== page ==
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Obama vs. Clinton
Obama vs. Clinton
November 02, 2008
Originally published in The National Review
Ever since the economy emerged as the top campaign issue, Barack Obama has developed two basic messages. One is that the deregulation John McCain voted for is to blame. The second is that former rivals Bill and Hillary Clinton deserve credit for the prosperity and economic growth in the 1990s.
In the presidential debates, Obama charged that McCain “believes in deregulation in every circumstance,” and claimed “that’s what we’ve been going through for the last eight years.” As a contrast to the Bush II years, Obama said in a speech, his administration would go back to the “shared prosperity . . . when Bill Clinton was president.”
But these two messages are inherently contradictory: Bill Clinton signed nearly all the deregulatory measures John McCain backed. Clinton administration officials have even credited these policies for contributing to the ’90s economic boom — the very “shared prosperity” to which Obama says he wants to return.
Late in Clinton’s tenure, the Clinton White House put forth a document celebrating “Historic Economic Growth” during the administration and pointing to the policy accomplishments it deemed responsible for this growth. Among the achievements on Clinton’s list was none other than “Modernizing for the New Economy through Technology and Consensus Deregulation.”
“In 1993,” the document explained, “the laws that governed America’s financial service sector were antiquated and anti-competitive. The Clinton-Gore Administration fought to modernize those laws to increase competition in traditional banking, insurance, and securities industries to give consumers and small businesses more choices and lower costs.”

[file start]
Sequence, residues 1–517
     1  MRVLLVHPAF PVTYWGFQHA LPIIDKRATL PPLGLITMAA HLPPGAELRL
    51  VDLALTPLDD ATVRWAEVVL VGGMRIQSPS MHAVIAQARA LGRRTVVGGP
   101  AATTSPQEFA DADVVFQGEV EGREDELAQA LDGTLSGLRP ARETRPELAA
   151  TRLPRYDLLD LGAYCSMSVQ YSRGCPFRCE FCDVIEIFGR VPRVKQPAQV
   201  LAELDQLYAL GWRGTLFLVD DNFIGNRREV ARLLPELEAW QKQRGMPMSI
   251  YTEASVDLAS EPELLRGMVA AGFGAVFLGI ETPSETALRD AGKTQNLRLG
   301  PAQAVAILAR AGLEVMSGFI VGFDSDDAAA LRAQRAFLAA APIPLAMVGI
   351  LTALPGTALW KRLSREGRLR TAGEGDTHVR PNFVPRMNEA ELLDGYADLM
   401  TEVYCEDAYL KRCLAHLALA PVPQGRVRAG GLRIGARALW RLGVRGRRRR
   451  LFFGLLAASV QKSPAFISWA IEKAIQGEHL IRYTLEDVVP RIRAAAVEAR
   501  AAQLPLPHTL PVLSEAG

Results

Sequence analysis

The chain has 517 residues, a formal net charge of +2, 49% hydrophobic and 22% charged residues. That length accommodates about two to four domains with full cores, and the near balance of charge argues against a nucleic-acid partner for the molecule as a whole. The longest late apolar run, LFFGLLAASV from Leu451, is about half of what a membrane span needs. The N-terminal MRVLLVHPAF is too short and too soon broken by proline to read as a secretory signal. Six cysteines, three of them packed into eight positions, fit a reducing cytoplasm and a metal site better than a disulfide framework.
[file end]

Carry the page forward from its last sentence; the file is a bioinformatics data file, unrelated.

The document neglected to credit the GOP-controlled Congress for passing these policies, but the Clinton administration indeed deserves praise for signing and advocating this deregulation. These bipartisan financial policies are the very ones Obama, Joe Biden, and other Democrats attack. “Let’s, first of all, understand that the biggest problem in this whole process was the deregulation of the financial system,” Obama proclaimed in the second presidential debate.
In the financial area, Clinton was actually more deregulatory then Bush II has been. As James Gattuso of the Heritage Foundation points out, while there may have been flawed oversight, there really was no financial deregulation under Bush. Indeed, Bush’s signature achievement in the financial area was the costly and counterproductive Sarbanes-Oxley Act. My CEI colleague Wayne Crews notes in his study “10,000 Commandments” that the Bush administration has set records for the ten of thousands of pages it put in the Federal Register.
To be sure, Obama usually isn’t too specific on what exactly he would re-regulate. But to the extent he is specific, he’s running against not only McCain, and not only Clinton, but also people like Robert Rubin, Larry Summers, and virtually all the Clinton administration economic officials now surrounding, um, Barack Obama.
Take Gramm-Leach-Bliley, the 1999 law Clinton signed repealing the Depression-era Glass-Steagall Act that strictly separated traditional commercial banking from investment banking. Obama supporters claim that getting rid of Glass-Steagall led to the credit blowup. They seize on the first name on the law, that of former senator Phil Gramm, to bash it as a piece of Republican deregulation. Never mind that the Senate passed the legislation 90-8, with many Democrats voting for the final bill, including Joe Biden.